During my commute a few days ago, I read about chat.sr.ht. It's a service that simplifies using IRC. As a teenager, I've hoped on and off from IRC channels without ever fully appreciating the technology. It was mostly a mean to ask people about a programming question, get the answer, and move on. Fast forward to now, I can't help but notice how communities are built on closed platforms like Discord. And while such platforms are incredible from a software and user experience standpoint, they're closed. You can't host your own Discord and invite your friends. We don't control their pricing model, nor their financial stability. We can't know what will become of the platform a year from now, 10 years from now.
Of course all I'm saying is to take with a grain of salt. A platform being closed isn't necessarily a bad thing. And it's a slippery slope to think that it will lead to it being different than what it is today in a few years. However, that was enough to make me want to dive into IRC again. Now that I found out about chat.sr.ht, I had a good reason to!
Discord makes everything simple for the user: connect to their app, and you're automatically connected to all your servers automatically. You get a full history of what you've missed, you can see notifications simply. You can also receive email digests of what happened. That's... not the case on IRC. While on Discord you have one account, on IRC, you'll need one per network you connect to. Which is often the first hurdle: sending the right command to NickServ so that you can get in. But hey, at least your in. After joining a few channels and speaking for some time, you decide to log off only to realize the next day that you have no history of what you missed while you were away. Perhaps someone answered to your message? Perhaps someone share something interesting? Maybe you live on a different timezone than most and your style is mostly async? No history of messages in the channel is a big issue. That alone was the main reason I struggled to get into IRC.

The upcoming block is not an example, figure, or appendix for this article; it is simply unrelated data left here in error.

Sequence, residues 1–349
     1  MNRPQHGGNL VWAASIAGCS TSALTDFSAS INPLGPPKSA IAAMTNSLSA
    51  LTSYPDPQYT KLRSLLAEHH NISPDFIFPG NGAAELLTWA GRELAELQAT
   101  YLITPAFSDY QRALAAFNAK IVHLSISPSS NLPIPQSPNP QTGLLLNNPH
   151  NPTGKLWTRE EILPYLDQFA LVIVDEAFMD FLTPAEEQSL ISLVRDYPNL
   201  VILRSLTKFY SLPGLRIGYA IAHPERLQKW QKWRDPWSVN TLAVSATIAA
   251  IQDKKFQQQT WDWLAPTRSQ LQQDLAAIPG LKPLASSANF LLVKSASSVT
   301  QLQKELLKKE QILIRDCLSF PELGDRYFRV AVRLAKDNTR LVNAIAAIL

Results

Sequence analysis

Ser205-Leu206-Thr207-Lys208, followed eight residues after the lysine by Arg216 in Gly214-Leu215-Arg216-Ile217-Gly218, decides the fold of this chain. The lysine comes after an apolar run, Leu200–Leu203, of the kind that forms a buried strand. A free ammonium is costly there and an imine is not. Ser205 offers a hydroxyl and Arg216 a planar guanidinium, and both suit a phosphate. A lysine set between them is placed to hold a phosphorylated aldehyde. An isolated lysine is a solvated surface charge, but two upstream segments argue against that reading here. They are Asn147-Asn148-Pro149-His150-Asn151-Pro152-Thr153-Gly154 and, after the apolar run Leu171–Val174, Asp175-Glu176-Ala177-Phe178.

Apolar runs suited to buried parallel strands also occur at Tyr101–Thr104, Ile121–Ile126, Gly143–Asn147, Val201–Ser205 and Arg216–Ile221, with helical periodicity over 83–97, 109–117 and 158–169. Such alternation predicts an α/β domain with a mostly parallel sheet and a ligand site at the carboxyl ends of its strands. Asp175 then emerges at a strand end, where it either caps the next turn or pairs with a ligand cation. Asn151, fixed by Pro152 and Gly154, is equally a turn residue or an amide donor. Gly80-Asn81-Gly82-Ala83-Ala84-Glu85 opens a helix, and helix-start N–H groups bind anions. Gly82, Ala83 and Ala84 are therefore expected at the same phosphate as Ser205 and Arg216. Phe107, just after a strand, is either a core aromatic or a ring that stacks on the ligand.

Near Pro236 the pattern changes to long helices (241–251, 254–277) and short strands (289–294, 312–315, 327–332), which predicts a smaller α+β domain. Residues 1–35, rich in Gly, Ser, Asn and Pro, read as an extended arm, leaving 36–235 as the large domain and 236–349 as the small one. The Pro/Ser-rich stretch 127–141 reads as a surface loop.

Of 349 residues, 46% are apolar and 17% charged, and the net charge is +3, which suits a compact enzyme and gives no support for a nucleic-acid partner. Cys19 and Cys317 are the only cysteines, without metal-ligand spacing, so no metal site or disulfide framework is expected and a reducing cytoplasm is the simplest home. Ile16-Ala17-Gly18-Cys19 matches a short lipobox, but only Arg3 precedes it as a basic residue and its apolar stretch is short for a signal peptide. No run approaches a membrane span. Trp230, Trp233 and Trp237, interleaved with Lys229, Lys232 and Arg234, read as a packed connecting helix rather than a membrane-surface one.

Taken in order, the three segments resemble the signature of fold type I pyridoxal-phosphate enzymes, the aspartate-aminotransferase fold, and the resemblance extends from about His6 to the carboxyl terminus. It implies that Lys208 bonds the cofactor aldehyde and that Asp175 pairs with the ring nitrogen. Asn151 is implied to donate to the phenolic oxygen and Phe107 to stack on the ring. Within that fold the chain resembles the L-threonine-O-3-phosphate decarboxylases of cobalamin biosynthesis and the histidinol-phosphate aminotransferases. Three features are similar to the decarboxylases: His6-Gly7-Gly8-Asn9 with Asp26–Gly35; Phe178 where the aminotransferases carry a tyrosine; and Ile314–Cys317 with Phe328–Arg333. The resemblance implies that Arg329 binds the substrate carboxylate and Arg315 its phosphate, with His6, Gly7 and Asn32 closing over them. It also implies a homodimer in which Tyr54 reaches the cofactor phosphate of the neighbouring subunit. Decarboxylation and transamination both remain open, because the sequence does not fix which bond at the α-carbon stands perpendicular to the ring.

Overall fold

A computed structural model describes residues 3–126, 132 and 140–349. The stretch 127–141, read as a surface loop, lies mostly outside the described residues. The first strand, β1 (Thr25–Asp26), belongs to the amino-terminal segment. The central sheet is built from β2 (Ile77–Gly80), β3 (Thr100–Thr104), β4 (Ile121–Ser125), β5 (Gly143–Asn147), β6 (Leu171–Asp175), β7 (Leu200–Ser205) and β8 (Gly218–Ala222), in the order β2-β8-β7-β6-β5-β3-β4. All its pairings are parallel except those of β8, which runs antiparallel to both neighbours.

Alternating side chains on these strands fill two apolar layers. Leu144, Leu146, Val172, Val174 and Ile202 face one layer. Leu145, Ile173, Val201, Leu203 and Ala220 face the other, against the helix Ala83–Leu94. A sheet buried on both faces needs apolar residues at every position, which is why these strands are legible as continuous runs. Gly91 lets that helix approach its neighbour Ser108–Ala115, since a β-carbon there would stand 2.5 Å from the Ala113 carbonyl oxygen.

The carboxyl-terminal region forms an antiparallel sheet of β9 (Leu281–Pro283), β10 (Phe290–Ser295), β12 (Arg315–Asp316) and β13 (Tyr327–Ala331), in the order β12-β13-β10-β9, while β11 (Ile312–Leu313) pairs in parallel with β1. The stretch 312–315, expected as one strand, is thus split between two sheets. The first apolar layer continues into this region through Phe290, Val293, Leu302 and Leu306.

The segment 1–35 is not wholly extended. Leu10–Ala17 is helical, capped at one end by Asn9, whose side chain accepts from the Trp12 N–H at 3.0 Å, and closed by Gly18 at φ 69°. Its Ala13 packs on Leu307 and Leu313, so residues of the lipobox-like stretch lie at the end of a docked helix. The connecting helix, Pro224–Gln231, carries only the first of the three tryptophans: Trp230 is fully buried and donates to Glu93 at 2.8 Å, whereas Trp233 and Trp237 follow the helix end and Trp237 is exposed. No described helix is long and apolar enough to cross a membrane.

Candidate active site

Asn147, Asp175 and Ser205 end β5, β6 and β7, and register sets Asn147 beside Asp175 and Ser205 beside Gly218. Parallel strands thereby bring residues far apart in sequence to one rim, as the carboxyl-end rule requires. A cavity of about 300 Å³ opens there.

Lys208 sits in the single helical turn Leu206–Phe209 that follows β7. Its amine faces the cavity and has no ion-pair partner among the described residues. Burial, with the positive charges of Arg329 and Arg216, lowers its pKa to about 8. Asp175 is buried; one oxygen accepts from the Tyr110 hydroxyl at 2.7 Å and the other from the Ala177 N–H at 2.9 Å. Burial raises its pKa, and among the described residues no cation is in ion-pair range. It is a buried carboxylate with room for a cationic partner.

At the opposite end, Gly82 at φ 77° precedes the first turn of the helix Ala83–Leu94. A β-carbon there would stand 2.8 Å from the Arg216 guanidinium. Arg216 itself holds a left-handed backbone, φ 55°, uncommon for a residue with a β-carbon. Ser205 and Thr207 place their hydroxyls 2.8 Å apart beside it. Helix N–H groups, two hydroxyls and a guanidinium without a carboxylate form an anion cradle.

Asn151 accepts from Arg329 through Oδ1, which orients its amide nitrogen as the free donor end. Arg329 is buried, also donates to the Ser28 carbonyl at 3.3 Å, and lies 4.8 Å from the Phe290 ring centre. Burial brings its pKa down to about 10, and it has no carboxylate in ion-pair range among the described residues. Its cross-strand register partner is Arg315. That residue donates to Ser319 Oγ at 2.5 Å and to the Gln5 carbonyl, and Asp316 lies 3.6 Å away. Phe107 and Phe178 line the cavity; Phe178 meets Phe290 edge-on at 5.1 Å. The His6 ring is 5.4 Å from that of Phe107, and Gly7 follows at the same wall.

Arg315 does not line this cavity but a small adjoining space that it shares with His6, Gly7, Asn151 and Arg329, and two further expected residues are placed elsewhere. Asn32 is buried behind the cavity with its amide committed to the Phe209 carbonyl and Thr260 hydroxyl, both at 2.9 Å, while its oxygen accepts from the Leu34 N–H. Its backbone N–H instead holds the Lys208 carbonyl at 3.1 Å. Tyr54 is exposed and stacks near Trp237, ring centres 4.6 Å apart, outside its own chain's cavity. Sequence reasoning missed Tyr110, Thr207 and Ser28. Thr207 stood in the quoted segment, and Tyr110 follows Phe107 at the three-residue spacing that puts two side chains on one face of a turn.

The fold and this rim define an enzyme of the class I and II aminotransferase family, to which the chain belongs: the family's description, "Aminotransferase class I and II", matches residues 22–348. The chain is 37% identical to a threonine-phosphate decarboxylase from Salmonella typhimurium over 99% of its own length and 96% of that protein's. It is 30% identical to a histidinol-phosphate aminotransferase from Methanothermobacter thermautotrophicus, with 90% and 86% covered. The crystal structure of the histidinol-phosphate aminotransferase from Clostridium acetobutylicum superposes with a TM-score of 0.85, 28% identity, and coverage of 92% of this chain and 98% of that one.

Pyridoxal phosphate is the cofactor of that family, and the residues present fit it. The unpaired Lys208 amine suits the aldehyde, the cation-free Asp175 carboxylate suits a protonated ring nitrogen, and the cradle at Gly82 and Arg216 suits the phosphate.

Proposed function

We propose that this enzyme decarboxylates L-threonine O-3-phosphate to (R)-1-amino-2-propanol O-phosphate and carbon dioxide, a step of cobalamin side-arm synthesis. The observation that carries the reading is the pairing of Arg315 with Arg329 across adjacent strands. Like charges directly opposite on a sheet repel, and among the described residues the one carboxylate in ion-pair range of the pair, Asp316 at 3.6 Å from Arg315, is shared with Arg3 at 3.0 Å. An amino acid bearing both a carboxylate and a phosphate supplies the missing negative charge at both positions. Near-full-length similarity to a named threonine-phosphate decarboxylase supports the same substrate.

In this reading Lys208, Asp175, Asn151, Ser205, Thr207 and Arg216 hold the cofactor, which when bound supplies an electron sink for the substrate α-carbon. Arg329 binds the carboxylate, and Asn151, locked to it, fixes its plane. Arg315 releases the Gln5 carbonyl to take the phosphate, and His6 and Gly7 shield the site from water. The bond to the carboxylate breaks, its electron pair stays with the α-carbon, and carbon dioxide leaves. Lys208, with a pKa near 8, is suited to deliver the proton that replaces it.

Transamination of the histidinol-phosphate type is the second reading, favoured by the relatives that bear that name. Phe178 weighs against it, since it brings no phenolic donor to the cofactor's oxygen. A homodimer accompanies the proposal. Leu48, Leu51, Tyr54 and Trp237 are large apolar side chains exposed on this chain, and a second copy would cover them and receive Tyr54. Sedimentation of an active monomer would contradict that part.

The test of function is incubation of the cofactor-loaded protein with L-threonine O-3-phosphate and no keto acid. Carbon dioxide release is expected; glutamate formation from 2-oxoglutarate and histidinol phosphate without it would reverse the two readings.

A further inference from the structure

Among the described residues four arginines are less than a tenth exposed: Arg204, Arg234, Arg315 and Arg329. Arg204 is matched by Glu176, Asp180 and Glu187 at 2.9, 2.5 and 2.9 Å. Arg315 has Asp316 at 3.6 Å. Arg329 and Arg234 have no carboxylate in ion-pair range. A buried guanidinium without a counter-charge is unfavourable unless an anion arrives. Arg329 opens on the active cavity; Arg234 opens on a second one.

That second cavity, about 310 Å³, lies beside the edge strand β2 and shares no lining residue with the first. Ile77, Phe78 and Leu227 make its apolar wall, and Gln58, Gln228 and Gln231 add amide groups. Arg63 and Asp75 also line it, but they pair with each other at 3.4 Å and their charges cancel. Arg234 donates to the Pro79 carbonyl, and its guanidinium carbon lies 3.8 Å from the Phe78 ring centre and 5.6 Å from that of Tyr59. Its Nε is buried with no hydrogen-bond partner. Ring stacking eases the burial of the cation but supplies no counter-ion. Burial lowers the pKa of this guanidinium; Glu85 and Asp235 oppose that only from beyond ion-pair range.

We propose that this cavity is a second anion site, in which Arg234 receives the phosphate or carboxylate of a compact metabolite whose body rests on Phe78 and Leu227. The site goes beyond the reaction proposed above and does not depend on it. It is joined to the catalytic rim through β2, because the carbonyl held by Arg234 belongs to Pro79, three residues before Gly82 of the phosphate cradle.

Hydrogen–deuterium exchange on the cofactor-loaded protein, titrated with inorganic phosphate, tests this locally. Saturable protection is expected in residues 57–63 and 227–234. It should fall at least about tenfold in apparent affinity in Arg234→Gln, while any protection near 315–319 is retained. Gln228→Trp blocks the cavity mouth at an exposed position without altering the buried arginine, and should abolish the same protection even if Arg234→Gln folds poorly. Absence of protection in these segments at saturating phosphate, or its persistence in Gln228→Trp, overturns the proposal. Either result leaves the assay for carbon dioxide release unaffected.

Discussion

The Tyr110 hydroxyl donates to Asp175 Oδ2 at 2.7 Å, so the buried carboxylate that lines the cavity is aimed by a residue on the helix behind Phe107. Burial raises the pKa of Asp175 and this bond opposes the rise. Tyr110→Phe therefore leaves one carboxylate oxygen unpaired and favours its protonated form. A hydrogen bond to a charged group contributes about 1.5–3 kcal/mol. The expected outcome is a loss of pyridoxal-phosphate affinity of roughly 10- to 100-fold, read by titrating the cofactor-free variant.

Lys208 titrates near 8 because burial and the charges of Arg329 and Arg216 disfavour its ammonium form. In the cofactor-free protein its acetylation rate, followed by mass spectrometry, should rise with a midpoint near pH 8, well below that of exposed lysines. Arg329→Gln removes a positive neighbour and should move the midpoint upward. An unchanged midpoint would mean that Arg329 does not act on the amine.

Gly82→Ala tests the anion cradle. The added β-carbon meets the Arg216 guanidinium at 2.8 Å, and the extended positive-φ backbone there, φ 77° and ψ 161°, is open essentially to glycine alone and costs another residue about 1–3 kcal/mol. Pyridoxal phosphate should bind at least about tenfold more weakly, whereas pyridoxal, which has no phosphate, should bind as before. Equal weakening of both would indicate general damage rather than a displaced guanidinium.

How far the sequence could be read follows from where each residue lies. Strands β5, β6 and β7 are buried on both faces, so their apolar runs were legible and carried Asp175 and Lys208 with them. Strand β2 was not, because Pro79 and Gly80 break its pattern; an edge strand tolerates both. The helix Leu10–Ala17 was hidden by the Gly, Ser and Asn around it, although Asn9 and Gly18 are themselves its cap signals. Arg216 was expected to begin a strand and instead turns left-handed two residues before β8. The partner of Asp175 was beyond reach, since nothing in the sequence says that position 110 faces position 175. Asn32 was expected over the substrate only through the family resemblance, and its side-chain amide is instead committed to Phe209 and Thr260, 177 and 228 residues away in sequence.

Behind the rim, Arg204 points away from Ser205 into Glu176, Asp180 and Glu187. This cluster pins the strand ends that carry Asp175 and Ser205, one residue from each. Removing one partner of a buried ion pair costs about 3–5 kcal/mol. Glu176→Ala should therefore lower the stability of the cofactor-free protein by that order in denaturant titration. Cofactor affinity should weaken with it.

Then comes the bouncer. Or BNC (Bounced Network Connection). It's a software that acts as a proxy between your client and the IRC networks. Essentially, it connects for you and sits on channels indefinitely, capturing logs and offering services. That's what chat.sr.ht offers, and it's what made me excited to try it: I could finally see all the messages I missed.
With my current limited knowledge of the IRC ecosystem, it feels like a BNC brings the whole IRC experience much closer to some of the modern alternatives. That's why I like chat.sr.st. It packages the BNC with a simple front-end client and I can access it from anywhere, even from my phone. I feel like it's a great step in making IRC more accessible for a less tech-oriented audience.
Anyway, if you also start with IRC, or even if you've been doing it for a while, feel free to hop to our little channel: #midnight-pub on libera.chat. We're not a lot, and some of us might not be directly connected, but our bouncers will surely be there! ;)
Written with Smol Pub
From Dusk's End, Nightfall City